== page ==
To kids, summer can feel like the best time of year. No school means time to play with friends, go for a swim, or check out some of the great summer activities Tucson has to offer. But summer also brings unique safety concerns for parents. Here are our tips for staying cool, healthy and hydrated this summer:
Staying hydrated in hot weather can be a challenge, especially for kids. According to the UK’s National Hydration Council, children are more vulnerable to dehydration because they don’t always recognize early stages of thirst. Parents Magazine recommends taking breaks for drinks every 20 minutes during outside activities in hot weather. Not sure how much water is enough? The Academy of Nutrition and Dietetics recommends 5 cups a day for children ages 4-8, and 7-8 cups a day for children ages 9-13. When exercising, 1/2-2 cups of water to every 20 minutes of exercise is a good goal. Eating plenty of fruits and vegetables is also essential to staying hydrated.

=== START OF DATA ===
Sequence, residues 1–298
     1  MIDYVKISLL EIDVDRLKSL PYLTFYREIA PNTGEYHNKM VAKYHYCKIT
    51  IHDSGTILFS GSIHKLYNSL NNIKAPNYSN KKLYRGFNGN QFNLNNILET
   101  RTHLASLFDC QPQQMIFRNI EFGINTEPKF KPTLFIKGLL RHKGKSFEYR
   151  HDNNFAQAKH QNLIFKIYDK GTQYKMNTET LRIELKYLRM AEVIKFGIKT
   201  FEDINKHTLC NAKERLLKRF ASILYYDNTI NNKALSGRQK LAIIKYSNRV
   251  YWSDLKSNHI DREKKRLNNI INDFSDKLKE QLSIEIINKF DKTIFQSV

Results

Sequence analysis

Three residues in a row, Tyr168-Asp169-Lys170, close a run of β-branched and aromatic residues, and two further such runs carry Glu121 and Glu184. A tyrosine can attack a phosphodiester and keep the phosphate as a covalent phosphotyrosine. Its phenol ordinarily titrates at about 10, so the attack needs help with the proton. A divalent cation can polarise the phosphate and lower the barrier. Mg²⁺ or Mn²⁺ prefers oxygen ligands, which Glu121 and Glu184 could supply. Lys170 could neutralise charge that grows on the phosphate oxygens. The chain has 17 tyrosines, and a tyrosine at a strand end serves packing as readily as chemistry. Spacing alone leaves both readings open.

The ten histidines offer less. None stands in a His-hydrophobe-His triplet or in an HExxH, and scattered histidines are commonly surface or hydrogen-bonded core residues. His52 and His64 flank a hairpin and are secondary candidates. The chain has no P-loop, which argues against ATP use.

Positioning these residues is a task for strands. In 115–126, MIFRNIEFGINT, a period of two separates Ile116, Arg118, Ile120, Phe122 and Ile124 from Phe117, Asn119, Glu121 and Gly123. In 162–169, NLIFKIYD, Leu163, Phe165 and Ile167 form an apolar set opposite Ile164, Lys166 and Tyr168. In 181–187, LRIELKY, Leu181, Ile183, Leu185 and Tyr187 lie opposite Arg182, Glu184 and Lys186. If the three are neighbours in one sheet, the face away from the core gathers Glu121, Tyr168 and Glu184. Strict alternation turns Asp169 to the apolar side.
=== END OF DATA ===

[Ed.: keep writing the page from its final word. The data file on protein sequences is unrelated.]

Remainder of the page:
Sunburns in childhood can lead to skin problems later in life. It’s important to remind kids to wear sunscreen even in cloudy weather and to set a good example. For children under six months old, skip the sunscreen and opt instead for protective clothing, shade, and limited exposure to direct sun. Check out our post on summer skin care for more tips on before, during and after sun care for all ages!
Too much time in the sun can lead not only to dehydration, but also to heat cramps, or more seriously, heat exhaustion. Symptoms of these heat illnesses include headaches, increased thirst, chills and sweats, and a fever. KidsHealth.org recommends treating these symptoms by bringing the child to a cooler place and encouraging them to drink sports drinks with sugar and salt. In extreme cases, contacting a doctor is recommended. Seattle Children’s Hospital advises that kids can be especially susceptible to heat illness at the beginning of the summer, as it takes 8-10 days to adjust to higher temperatures.